BMW continues to make a strong and persuasive case to consider diesel as a viable alternative fuel source to power your vehicle. After a gap of around 3 years from my last test drive on the E90 320d Sports, my attention is now turned to the updated F30 320d. I was curious to find out whether the new kid in town was able to outperform and improve on the predecessor’s reputation as a diesel powerhouse.
The modern diesel engine is a proven technology and has evolved much since its invention in the 19th century. Today with turbochargers and particle filters, the modern diesel engine offers greater torque, lesser CO² emissions and better mileage than its petrol counterpart.
Diesel powered sedans in Malaysia have yet to take off in a big way compared to countries in Europe. It is probably down to a few major factors like the fuel quality issue. The higher initial upfront cost compared to petrol powered variants and the less than user friendly pumps at the gas station may have also dampened the enthusiasm for many to make the switch.
Many remain unaware of the existence of luxury diesel powered sedans such as the F30 320d. During our stop at a gas station we lined up side by side with a tour bus and its driver walked over curious to enquire whether this test car was indeed powered by diesel. Of course things have improved compared to a time when a worried looking attendant rushed over to alert us that we will be filling up the car with diesel.
For the 320d, BMW Malaysia offers two trims, the Sport Line and the Modern Line. This test model is the Sport Line and what you get is essentially an interior finishing that conveys a sporty image. These include a sports leather steering wheel with contrast red stitching, red leather sports seats with exclusive stitching and piping, instrument cluster with red highlights and coral red matt trim finishers.
Externally this F30 320d appearance differs from the earlier F30 328i in a few areas. For one, there is the absence of the chrome trims which was prominent in the 328i. In replacement is high gloss black on the kidney grilles, bumpers and window bars. Even the single exhaust tail pipe has an end pipe finisher in chrome black.
Other than that, the car is relatively basic. Unusually for a ‘Sport Line’ model there are no pedal shifters. The iDrive controller appears to be a stripped down version of the one that we are familiar with, while the 6.5 inch central LCD display is much smaller than the one we saw in the 328i. Included are Bluetooth and connectivity for UBS devices. There is no GPS (navigation system) and the lesser feature set offered here is probably to keep the costs down.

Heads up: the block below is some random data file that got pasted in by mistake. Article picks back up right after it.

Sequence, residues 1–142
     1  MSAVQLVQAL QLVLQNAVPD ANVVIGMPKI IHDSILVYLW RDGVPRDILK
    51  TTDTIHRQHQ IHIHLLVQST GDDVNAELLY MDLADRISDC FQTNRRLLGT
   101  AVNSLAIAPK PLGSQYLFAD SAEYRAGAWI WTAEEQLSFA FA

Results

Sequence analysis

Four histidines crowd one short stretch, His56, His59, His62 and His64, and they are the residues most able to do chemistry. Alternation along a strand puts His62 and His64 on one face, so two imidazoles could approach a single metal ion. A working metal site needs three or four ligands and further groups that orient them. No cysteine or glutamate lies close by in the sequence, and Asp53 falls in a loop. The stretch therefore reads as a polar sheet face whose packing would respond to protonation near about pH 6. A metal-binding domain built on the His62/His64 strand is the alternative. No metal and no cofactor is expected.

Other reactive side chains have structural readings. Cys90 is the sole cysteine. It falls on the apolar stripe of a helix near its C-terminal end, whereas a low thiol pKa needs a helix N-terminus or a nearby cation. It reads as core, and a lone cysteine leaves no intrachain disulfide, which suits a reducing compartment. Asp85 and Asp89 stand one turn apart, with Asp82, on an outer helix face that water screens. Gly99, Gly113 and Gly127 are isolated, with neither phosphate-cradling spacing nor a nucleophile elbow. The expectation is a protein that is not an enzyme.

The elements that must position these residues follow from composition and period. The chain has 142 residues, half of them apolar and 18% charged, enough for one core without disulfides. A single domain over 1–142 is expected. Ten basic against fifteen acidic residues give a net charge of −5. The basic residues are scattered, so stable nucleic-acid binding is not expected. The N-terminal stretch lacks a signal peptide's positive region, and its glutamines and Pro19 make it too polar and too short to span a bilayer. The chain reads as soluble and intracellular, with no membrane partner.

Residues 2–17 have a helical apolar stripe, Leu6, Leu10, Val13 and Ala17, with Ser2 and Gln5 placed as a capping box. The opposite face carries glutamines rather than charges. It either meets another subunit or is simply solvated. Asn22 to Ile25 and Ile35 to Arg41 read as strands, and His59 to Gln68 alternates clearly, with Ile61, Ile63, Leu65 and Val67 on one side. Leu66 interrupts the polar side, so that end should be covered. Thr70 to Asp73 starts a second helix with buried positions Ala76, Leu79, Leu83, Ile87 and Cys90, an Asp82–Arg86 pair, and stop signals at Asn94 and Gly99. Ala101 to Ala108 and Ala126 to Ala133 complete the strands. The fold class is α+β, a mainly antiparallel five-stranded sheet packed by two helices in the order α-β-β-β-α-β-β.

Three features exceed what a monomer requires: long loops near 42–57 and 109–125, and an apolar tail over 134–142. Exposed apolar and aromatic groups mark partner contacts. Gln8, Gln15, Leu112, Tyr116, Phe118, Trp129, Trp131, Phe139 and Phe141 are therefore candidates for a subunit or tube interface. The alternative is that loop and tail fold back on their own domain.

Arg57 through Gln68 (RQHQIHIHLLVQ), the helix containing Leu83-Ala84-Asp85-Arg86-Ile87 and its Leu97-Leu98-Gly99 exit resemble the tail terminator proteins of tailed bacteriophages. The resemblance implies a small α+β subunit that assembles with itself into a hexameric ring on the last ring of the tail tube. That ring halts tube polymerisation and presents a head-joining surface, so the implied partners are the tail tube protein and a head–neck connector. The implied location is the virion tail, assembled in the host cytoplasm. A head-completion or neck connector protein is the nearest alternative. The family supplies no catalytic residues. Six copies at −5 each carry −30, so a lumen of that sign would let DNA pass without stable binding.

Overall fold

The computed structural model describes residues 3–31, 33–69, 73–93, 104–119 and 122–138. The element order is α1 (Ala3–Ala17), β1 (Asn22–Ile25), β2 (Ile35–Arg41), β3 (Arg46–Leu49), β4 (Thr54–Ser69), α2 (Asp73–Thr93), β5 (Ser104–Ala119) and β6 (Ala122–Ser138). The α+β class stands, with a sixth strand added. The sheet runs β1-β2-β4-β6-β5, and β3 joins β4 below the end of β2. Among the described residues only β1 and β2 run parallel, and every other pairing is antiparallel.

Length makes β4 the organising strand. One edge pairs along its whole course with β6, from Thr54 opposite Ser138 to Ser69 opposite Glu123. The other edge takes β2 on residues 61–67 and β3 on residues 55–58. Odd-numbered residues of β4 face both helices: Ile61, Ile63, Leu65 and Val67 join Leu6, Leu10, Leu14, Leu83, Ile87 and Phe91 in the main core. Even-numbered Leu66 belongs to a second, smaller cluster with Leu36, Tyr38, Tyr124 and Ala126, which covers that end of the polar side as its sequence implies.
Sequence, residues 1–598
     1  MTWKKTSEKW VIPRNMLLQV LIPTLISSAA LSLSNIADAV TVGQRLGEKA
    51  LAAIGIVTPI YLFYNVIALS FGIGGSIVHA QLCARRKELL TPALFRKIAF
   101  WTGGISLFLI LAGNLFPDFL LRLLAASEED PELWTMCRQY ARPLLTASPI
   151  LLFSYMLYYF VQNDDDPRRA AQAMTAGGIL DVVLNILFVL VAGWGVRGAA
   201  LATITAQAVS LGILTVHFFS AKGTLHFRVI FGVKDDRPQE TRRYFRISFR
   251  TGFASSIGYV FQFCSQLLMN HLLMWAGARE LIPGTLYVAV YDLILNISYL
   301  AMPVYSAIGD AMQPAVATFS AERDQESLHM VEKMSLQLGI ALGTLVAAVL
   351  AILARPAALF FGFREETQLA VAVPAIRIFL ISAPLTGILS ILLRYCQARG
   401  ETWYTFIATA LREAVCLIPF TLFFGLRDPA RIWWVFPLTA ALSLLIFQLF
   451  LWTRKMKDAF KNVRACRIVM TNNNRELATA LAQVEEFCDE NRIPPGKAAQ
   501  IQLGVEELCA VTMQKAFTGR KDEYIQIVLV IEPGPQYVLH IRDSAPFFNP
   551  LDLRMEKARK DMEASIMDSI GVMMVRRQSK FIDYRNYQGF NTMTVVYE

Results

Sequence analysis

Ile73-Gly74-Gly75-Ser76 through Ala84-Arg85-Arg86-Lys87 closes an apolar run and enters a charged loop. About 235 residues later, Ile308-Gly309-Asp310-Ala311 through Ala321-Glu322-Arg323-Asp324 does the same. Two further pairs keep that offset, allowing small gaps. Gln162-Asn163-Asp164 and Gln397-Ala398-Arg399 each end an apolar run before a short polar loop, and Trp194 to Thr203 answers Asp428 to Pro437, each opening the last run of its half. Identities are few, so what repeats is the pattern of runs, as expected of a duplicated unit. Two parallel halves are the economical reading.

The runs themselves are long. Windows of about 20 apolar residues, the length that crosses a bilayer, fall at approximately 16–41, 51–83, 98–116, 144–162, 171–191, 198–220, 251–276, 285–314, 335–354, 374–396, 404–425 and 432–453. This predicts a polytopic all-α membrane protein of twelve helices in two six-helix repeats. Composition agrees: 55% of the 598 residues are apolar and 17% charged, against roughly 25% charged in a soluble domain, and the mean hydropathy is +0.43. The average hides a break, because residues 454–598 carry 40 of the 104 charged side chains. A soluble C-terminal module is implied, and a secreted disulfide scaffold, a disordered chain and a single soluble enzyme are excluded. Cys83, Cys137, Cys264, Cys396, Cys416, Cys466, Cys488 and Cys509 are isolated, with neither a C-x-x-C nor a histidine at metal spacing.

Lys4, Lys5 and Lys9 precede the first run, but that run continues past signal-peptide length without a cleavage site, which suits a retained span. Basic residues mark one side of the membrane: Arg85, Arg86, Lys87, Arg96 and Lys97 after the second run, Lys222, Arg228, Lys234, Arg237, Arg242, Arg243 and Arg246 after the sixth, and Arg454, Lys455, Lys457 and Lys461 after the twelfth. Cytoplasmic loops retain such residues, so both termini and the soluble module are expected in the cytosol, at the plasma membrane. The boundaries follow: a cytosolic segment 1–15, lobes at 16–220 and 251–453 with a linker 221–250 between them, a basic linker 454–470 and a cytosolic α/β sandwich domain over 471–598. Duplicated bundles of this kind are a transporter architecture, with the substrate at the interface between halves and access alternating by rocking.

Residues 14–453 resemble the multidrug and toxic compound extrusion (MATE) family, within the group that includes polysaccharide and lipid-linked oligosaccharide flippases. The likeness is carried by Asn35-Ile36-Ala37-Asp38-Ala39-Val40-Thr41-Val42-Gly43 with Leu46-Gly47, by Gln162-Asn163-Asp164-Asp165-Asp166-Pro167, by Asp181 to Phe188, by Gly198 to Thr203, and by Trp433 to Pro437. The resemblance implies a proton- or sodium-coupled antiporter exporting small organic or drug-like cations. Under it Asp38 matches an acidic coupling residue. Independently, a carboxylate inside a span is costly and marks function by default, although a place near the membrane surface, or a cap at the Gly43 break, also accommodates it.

Crucially the mandatory safety features are still in place. These include the multiple air bags, dynamic traction control and dynamic stability control, run flat tyres, dynamic braking lights, child seat ISOFIX, ABS etc. Cruise control is provided and this is engaged via the multifunction buttons on the steering wheel and there is park distance control (PDC), for the front and rear to assist in those tricky parking maneuvers.
Usually I am impressed with the quality of finishing in a BMW. However, this test model was an exception. The car was very new when it came to us. However, the sliver trim on the steering wheel appeared to have been corroded by some caustic liquid. The other anomaly was that there was no audible tick whenever we used the signal indicators. This resulted in having to make frequent inconvenient downward glances on the instrument panel just to make sure the indicators are engaged.
Putting aside the QC issues, the well padded sports leather seats offered good support and comfort for the driver. The front seat adjustments are electronic with memory functions for the driver. At the front you can also personalize the air flow with a two zone air-condition with automatic function. As a driver, you get a good driving position and sufficient leg room without having to reposition and thereby reducing the leg room of the passenger behind you.
Powered by the N47 diesel engine, BMW’s gave a detailed description of the engine in its catalogue, ie ‘BMW Twin Power Turbo four-cylinder diesel engine, consisting of a turbocharger with variable turbine geometry and common rail direct injection’. Not withstanding the lengthy description, this 1,995cc engine is a real powerhouse capable of producing a max output of 184hp @ 4,000rpm and a max torque of 380Nm @ 1,750-2,750rpm.
During cold starts the engine idles with a prominent audible diesel clatter. So far, if I can recollect correctly it would seem that there is not much difference between the older E90 320d and this F30 320d in terms of external insulation from the relatively industrial sounding diesel engine. Inside the cabin, the engine note is less pronounced but the sound waves and vibrations emitted are enough to make you aware that this is a diesel car.
During our test drives which we accumulated close to about 5,000km, the diesel engine worked well in tandem with the F30 chassis to provide a satisfying and enjoyable drive. One of the major highlights of this car was the impressive fuel efficiency of the N47 diesel powerplant. Usually I would set the car’s driving experience control at ECO PRO Mode while the other alternate driver usually leaves it at the default COMFORT Mode.